Mid-sized firms are increasingly turning to third parties to meet their data centre needs – Outsourcing Report by Martin Courtney

More enterprise IT departments are choosing to outsource data centre management to third parties, according to new research, with up to three-quarters of UK companies believing secondary data centre will become a standard requirement for business continuity in the future.

A survey of 400 IT directors at companies with 500 employees or more in 13 European countries found that half of Uk businesses are already using third-party data centre management services, with 48 per cent planning to outsource more in the near future.

Carried out by Coleman Parkes and commissioned by Colt Telecom, the research found that finding space internally to house server farms was the most pressing reason for nearly three-quarters of firms outsourcing data centre provision. Security and systems management were cited by 70 per cent of those questioned. Power and cooling were bigger issues in the UK than elsewhere in Europe.

Why IT chiefs feel the need to outsource

Issue Percentage
Data centre requirements exceed available space 74%
Improved security and systems management 70%
Issues with power supply 66%
Cooling problems 63%

Source: Colt Telecom


“The corporates can afford their own data centres; it is the SMEs [small and medium-sized enterprises] that are outsourcing them,” said Colt head of datacentre services Chris Grant. “It depends on what business they are in, but even small companies that rely on their systems running 24/7 and need to expand their band-width and usage as application demand grows also outsource data centres. They cannot afford the infrastructure, and even if they could, they would never have the economies of scale that we have when it comes to managing that environment.”

Ioko, a company that specialises in digital and on-demand media, employs about 280 people and leases data centre services from Telehouse Europe. It recently signed a three-year contract with the provider that will give Ioko the capacity it needs to cope with additional demand for its digital media delivery platforms that support streamed video, online advertising and gaming services.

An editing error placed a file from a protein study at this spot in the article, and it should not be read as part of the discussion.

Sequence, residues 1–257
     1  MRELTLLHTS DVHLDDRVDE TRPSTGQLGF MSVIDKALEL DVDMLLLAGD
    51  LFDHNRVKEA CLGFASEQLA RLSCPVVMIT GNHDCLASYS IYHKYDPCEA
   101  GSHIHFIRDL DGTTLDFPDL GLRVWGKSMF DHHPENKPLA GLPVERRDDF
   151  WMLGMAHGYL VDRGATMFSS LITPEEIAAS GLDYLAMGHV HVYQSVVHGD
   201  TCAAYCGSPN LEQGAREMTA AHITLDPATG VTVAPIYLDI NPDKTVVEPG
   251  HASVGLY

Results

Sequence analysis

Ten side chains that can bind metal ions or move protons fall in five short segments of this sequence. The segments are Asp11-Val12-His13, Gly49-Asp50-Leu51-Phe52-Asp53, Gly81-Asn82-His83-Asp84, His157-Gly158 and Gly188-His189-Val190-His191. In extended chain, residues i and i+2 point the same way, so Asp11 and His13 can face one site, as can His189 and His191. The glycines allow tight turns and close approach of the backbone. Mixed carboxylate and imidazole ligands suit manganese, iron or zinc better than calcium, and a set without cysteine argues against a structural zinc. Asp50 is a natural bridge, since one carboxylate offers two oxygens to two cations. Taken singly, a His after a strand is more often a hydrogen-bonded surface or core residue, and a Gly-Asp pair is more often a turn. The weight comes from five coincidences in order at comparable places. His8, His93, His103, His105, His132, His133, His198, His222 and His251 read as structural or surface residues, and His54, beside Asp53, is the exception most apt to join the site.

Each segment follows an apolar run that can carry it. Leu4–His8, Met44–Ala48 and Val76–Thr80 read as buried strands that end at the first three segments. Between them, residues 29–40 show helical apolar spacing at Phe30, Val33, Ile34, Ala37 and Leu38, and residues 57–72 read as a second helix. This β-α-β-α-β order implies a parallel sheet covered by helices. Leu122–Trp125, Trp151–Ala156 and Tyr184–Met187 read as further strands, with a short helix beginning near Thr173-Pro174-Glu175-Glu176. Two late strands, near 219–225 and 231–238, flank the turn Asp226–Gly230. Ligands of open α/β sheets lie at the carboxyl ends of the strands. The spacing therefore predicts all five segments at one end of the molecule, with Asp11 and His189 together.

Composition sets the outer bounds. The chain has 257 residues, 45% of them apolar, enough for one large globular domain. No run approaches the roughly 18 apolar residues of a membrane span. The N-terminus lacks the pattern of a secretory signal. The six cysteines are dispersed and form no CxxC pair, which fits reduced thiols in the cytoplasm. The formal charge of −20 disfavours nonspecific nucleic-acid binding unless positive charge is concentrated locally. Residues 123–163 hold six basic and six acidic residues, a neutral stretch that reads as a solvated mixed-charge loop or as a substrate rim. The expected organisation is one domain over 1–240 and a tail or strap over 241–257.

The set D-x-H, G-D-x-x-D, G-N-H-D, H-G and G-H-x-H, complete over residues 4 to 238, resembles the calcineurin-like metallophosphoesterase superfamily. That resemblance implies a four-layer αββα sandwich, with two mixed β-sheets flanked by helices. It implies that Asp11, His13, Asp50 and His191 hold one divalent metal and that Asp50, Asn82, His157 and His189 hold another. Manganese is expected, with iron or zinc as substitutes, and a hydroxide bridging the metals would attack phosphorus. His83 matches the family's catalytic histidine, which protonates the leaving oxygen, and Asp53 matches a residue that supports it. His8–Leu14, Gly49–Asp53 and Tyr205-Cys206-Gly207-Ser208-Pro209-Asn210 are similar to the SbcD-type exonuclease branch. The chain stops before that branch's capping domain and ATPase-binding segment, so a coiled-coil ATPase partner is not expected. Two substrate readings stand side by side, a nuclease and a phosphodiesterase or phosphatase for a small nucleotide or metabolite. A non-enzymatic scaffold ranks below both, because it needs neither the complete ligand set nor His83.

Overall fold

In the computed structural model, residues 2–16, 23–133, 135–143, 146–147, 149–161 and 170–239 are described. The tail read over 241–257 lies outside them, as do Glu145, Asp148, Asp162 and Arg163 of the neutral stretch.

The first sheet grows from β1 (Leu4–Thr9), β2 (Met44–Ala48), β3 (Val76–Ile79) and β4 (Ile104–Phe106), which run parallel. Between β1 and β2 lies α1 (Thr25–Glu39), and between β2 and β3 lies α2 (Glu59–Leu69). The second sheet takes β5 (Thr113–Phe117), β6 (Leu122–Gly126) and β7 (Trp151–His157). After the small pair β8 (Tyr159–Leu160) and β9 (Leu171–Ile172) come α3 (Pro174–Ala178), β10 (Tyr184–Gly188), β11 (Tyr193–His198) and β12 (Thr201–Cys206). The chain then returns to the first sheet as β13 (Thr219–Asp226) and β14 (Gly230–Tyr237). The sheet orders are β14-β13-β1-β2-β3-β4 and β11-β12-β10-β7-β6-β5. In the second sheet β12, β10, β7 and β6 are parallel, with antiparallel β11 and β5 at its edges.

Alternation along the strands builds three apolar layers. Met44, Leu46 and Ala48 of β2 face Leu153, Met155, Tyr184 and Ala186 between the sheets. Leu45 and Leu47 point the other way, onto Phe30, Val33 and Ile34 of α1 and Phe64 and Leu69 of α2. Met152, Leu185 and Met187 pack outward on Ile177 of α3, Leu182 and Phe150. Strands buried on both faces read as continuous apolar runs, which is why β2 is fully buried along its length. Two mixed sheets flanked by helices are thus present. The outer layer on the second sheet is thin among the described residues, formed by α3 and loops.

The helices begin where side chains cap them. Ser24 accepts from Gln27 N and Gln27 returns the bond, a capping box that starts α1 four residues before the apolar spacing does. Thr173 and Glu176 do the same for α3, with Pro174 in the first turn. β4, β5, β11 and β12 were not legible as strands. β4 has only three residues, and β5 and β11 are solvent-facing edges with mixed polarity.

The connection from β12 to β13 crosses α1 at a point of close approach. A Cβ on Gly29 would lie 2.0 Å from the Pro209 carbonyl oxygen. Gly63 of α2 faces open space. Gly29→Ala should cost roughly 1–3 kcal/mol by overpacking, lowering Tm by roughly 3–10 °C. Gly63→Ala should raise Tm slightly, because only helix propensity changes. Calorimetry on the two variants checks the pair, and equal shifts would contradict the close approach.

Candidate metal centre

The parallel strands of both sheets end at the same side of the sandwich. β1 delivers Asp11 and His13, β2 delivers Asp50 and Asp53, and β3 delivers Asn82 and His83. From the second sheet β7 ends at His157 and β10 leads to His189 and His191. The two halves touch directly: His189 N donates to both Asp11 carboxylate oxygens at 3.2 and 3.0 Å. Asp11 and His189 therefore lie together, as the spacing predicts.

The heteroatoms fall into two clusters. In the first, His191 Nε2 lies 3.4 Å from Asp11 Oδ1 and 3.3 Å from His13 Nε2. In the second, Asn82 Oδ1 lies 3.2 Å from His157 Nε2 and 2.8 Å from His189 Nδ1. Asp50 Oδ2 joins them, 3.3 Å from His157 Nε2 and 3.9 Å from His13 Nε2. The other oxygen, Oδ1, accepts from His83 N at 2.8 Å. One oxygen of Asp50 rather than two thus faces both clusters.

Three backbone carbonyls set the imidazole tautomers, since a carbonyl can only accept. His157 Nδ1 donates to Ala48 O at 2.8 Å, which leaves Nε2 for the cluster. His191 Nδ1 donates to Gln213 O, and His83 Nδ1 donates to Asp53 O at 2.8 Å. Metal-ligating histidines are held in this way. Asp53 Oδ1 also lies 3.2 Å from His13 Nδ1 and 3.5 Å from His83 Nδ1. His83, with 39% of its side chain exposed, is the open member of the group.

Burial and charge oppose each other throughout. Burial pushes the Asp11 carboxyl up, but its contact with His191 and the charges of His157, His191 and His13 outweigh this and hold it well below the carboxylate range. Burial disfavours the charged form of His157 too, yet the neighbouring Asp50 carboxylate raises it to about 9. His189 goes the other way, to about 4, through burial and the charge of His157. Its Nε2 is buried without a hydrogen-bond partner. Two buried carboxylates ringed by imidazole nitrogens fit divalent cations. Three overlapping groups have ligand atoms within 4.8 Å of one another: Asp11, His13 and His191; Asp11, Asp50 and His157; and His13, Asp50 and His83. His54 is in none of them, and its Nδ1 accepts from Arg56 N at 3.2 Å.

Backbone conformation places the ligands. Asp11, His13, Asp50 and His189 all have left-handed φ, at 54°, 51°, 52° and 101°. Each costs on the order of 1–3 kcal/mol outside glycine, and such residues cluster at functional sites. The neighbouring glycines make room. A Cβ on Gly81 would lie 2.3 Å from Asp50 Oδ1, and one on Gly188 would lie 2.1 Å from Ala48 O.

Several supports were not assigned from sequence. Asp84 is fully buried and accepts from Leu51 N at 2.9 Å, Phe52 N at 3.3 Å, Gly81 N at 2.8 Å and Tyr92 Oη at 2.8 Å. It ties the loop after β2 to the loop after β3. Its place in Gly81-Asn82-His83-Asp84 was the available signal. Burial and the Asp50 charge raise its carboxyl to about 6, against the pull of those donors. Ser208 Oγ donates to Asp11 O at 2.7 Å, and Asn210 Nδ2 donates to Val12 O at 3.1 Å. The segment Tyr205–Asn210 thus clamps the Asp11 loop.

“Ten years ago, we started off with two racks, but the past three years have seen significant growth in demand for our services, and our space requirements have tripled. Our current facility is 80 per cent utilised, about 120 racks, but we envisage doubling that again over the next couple of years,”

said Ioko co-founder and director Mark Christie.

Christie admitted that securing a reliable power supply for its servers was a major consideration.

It is the security, scalability and the stability of the power supply that is really compelling to us. The SLA provides some compensation if there is loss of power, and Telehouse has power from dual feeds, generators and backup batteries as well,” Christie added.

According to Coleman Parkes’ research, 76 per cent of UK IT directors expect that they will be required to replicate data and applications to a secondary data centre for disaster recovery purposes in the near future, something that most firms will find difficult to achieve within their own premises and geographical footprint.

You can only do so much with a single data centre when it comes to making sure everything is resilient, so we have other data centres in Manchester and west London to provide disaster recovery for our customers,” Christie said.

This article originally appeared in IT WEEK